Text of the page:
The three heat shock protein 70 (Hsp70) genes are located within the class III MHC region, and linkage disequilibrium with other HLA genes has led several authors to investigate the role of Hsp70 genes in susceptibility to autoimmune and allergic disease (Aron et al. 1999). The activation of Hsp gene expression (the "stress response") is a cellular mechanism that protects cells against stresses such as heat, UVR, cytokines, and chemicals (Muramatsu et al. 1992, Stephanou et al. 1997). Ghoreishi et al. (Ghoreishi et al. 1993) used immunohistologic analysis to demonstrate diffusely increased Hsp70 expression in the lesional skin of patients with SLE vs controls and DLE samples. Furukawa et al. (Furukawa et al. 1993) observed increased binding of anti-Ro/SSA antibodies to keratinocytes after incubation with a prostaglandin stressor that is known to induce Hsp formation, suggesting that heat shock proteins may be involved in the expression of Ro antigen at the cell surface. Various polymorphisms exist for the Hsp70 genes (Bolla et al. 1998, Esaki et al. 1999), although none have yet been examined for association in CLE.

Candidate Loci Outside the MHC

Several genetic regions outside the MHC seem to confer susceptibility to cutaneous forms of LE or demonstrate association or linkage with the anti-Ro/SSA response, including loci encoding cytokines, cytokine receptors, molecules involved in antigen recognition, and antioxidant enzymes, all of which are plausible candidates and are summarized in Table 15.1.

IL-1 Gene Cluster

The primary cytokine IL-1 is a major proinflammatory cytokine, encoded by a gene cluster at band 2q13, comprising IL-1a and IL-10 (synthesized by keratinocytes and Langerhans' cells, respectively) and the IL-1 receptor antagonist gene (IL-1RN), which has been associated with photosensitivity in LE and with DLE by two separate teams in case-control studies (Blakemore et al. 1994, Suzuki et al. 1997). In our association analysis, we found that IL1B +3954 T was significantly less frequent in patients with SCLE (28%) compared with controls (47%; P=0.039), although this was lost on correction for multiple testing (Millard et al. 2001c).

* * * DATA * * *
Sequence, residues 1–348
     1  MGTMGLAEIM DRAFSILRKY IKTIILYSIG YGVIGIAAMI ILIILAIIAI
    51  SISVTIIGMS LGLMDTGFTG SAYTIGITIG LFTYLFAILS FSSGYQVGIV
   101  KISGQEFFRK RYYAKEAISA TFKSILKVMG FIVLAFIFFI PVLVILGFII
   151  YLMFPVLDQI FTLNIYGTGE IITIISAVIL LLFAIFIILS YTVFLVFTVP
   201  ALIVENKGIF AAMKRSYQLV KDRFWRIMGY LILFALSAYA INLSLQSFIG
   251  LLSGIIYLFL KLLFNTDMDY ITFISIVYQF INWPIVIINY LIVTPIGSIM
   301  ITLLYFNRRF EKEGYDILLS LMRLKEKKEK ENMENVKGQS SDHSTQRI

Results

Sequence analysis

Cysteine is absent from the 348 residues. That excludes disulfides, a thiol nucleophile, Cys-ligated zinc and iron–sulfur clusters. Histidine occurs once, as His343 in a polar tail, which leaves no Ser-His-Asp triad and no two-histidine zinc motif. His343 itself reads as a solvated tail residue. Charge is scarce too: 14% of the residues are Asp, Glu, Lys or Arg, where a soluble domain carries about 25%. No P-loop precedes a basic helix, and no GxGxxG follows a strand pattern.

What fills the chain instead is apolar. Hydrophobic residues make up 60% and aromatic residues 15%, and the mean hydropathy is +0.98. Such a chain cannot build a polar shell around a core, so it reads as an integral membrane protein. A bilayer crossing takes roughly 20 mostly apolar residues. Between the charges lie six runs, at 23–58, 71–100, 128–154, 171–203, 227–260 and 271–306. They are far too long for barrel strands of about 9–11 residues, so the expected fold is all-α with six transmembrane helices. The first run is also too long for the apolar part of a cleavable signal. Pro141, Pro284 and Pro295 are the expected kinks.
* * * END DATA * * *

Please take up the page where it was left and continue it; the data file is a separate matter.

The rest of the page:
IL-10

Linkage in human lupus has been shown for band 1q31 (Moser et al. 1998), within which lies the gene encoding IL-10 (Eskdale et al. 1997, Kim et al. 1992). IL-10 is expressed by UVB-stimulated keratinocytes and is chemotactic for CD8+ Tcells. Itpro-motes an inflammatory response through its effects on B cells in lupus,whose produc-

Table 15.1. Genes outside the MHCa that seem to confer susceptibility to cutaneous forms of lupus erythematosus (LE) or demonstrate association or linkage with the anti-Ro/SSA response

Gene

Locus

Evidence

1. Cytokine genes

Interleukin-1 gene

2q13

Association of an IL-1 RA

cluster (IL-1A, B, and RA)

allele with DLE and with

photosensitivity in SLE.

Interleukin-10 (IL-10)

1q31

Linkage of 1q31 to human LE.

Association of three IL-10

SNPs with anti-Ro produc-

tion in SLE.

2. Adhesion molecule/

receptor genes

Intercellular adhesion

19p13.3-p13.2

Increased keratinocyte

molecule-1 (ICAM1)

expression of ICAM-1 in

CLE.

E-selectin (SELE)

1q23-25

Up-regulated endothelial

expression in the skin of

patients with cutaneous LE vs

controls.

Fc gamma receptor II

1q23

Linkage of 1q23 to human

(FCGR2A)

systemic LE. Necessary for

ADCC (Fig. 15.4).

T-cell receptor (TCR)

7q35

Association of two RFLPs, for

C|31 and C|32

TCRs Cb1 and Cb2, with anti-

Ro/SSA production in SLE.

3. Antioxidant enzyme

genes

Glutathione S-trans-

1p13

Association of GSTM1 null

ferase M1 (GSTM1)

status and anti-Ro/SSA pro-

duction in SLE.

4. Apoptosis genes

Fas (TNFRSF6)

10q24.1

Association of an SNP with

photosensitivity in SLE

a Genes within the MHC are illustrated in Fig. 15.1.